Moreover, while "some latitude may be extended to pro se litigants 'dealing with sophisticated legal issues . . . there is no cause for extending this margin to straightforward procedural requirements that layperson[s] can comprehend as easily as a lawyer.'" Gooch v. TGI Friday, No. 2:13-CV-02326-JTF, 2013 WL 6669546, at *2 (W.D. Tenn. Dec. 18, 2013) (quoting Jourdan v. Jabe, 951 F.2d 108, 109 (6th Cir.1991)). Furthermore, in order to preserve a defendant's right to timely resolution of litigation, "pro se litigants should not 'be accorded special consideration' when they fail to adhere to easily understood court deadlines and requirements." Gooch, 2013 WL 6669546, at *2 (quoting Jourdan, 951 F.2d at 110). Therefore, while the Court understands that Plaintiff is presently representing himself, it need not treat him more favorably when he does not comply with an easily understood deadline.
The only other possible basis for Taylor's request for relief would be pursuant to Fed. R. Civ. P. 60(b)(6), which provides grounds for relief for "any other reason that justifies relief." The Sixth Circuit has explained, however, that relief under this rule applies only when the movant demonstrates "exceptional and extraordinary circumstances, which are defined as those unusual and extreme situations where principles of equity mandate relief," Exp.-Imp. Bank of U.S. v. Advanced Polymer Sciences, Inc., 604 F.3d 242, 247 (6th Cir.2010) (citing Jinks v. AlliedSignal, Inc., 250 F.3d 381, 387 (6th Cir.2001)). Moreover, "[i]n ruling on a motion made under 60(b)(6), the trial court's discretion 'is especially broad given the underlying equitable principles involved.'" Guy v. Lexington-Fayette Urban Cty. Gov't, 624 F. App'x 922, 931 (6th Cir. 2015) (quoting Hopper v. Euclid Manor Nursing Home, Inc., 867 F.2d 291, 294 (6th Cir.1989)).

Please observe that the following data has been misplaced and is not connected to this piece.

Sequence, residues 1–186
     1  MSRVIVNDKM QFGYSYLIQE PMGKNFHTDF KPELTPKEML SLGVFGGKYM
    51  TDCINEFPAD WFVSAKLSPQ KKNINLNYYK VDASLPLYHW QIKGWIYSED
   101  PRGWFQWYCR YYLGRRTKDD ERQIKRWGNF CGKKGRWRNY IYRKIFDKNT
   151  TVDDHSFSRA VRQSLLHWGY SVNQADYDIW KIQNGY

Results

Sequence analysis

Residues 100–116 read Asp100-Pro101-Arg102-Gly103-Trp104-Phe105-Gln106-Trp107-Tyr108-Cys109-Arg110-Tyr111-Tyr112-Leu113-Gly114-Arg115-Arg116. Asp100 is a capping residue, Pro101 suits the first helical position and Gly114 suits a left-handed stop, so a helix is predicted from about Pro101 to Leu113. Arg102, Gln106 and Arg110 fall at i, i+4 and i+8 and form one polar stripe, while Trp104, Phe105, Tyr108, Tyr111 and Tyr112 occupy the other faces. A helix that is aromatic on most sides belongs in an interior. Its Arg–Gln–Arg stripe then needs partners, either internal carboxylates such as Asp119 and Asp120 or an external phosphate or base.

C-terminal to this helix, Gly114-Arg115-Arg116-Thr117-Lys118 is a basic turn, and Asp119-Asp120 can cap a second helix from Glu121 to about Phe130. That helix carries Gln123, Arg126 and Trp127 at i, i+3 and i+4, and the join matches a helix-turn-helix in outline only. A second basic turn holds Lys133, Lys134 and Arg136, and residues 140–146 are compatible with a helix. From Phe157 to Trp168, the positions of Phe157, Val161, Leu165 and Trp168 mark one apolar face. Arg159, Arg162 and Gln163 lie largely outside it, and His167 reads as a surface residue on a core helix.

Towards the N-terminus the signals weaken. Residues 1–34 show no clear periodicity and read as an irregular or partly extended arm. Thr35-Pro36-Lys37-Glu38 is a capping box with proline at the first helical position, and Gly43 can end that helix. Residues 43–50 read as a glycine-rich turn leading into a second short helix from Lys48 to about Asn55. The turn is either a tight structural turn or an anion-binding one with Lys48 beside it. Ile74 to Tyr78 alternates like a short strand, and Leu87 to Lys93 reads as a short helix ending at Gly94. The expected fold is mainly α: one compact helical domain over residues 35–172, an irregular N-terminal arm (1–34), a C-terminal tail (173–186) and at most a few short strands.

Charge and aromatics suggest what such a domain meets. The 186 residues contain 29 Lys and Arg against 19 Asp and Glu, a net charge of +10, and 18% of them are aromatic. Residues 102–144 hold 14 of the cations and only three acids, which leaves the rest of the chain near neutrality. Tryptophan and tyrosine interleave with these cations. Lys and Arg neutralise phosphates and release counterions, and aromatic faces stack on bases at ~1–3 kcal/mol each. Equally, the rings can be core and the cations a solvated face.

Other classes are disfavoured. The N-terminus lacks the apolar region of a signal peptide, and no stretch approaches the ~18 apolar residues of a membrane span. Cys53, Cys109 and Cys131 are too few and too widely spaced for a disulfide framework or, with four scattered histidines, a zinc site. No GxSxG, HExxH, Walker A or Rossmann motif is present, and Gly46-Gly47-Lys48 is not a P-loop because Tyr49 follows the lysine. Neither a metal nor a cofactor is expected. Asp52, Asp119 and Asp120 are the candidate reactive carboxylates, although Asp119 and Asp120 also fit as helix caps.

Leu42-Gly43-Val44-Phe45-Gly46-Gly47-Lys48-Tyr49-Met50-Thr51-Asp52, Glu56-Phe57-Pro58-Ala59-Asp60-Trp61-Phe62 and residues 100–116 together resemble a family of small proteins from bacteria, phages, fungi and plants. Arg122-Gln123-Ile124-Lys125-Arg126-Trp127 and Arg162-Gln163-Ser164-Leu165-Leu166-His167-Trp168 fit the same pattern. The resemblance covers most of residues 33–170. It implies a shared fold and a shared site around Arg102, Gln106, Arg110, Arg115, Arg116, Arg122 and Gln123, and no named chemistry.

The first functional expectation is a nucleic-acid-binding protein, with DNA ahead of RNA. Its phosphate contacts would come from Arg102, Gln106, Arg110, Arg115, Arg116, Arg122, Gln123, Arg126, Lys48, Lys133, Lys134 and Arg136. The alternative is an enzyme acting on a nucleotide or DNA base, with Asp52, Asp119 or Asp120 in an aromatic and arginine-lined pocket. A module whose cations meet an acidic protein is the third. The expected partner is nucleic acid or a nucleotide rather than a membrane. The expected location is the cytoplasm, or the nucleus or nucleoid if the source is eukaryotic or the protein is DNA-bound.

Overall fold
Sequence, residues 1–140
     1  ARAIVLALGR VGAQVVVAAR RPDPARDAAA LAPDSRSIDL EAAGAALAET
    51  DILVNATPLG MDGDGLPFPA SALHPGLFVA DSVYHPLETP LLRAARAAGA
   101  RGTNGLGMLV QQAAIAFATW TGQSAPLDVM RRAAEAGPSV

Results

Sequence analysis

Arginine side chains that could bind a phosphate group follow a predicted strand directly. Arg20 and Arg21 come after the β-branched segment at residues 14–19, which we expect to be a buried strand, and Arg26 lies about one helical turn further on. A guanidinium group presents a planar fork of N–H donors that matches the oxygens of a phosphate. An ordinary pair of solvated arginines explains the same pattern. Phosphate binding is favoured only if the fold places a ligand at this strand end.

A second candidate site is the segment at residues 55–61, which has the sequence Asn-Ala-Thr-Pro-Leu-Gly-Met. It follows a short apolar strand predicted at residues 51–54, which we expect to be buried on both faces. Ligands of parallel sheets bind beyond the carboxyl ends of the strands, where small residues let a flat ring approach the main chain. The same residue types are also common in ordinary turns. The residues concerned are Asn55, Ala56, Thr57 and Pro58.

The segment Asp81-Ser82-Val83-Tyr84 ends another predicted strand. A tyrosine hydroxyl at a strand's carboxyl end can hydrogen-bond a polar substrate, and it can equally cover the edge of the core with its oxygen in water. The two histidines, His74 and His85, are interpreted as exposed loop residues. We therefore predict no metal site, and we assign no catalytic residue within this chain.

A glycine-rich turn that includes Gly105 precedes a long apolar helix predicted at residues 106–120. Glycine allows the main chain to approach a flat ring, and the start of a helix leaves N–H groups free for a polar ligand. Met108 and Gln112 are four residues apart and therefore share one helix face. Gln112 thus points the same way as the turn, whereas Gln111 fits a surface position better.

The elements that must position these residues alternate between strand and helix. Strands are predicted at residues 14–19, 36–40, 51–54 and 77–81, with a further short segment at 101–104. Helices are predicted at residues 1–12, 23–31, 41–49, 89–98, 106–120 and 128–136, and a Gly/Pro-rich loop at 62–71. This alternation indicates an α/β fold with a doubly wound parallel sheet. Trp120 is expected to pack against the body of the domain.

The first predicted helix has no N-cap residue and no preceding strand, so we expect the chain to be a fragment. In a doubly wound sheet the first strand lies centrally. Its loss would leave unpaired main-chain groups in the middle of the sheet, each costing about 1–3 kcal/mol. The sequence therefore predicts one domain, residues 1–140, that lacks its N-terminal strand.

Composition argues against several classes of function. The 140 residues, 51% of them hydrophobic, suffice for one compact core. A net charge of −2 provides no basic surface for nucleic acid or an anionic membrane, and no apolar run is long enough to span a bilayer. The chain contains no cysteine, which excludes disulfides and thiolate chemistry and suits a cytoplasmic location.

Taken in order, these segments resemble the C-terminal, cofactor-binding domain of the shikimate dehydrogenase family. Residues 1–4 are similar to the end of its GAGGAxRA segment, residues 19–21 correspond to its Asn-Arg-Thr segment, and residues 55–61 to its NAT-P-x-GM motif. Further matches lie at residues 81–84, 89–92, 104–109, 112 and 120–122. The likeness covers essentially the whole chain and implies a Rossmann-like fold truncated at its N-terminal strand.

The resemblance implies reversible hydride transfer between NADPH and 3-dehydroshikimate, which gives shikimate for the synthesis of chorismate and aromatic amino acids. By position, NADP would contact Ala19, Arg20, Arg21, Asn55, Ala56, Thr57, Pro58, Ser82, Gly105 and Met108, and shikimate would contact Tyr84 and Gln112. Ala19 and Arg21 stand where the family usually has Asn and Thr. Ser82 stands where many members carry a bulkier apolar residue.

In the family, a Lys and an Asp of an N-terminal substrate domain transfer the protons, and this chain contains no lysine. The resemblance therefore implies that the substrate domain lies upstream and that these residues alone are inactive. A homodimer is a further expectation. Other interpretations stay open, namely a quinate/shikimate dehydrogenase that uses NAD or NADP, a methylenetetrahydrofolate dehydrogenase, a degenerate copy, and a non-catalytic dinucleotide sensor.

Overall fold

Here, Plaintiff's disputes with his attorney do not rise to the "exceptional or extraordinary circumstances" standard. Disagreements over fees and the viability of Plaintiff's lawsuit are not extraordinary in this context. Moreover, such disagreements should not have prevented Plaintiff from abiding by the deadlines imposed by this Court. Additionally, many, if not all, of the arguments, as well as Sullenger's withdrawal, occurred weeks prior to the deadlines. Therefore, even if these disputes were "exceptional and extraordinary," Plaintiff could have informed the court of those issues in a timely filing, which he did not. For these reasons, relief pursuant to Fed. R. Civ. P. 60(b)(6) is not applicable in this case.
For the reasons articulated herein, Plaintiff's request for relief from the Order of Dismissal is DENIED, and the Clerk's Office is directed to enter judgement dismissing this case for failure to prosecute.
IT IS SO ORDERED this 13th day of October 2020.
s/ J. DANIEL BREEN
UNITED STATES DISTRICT JUDGE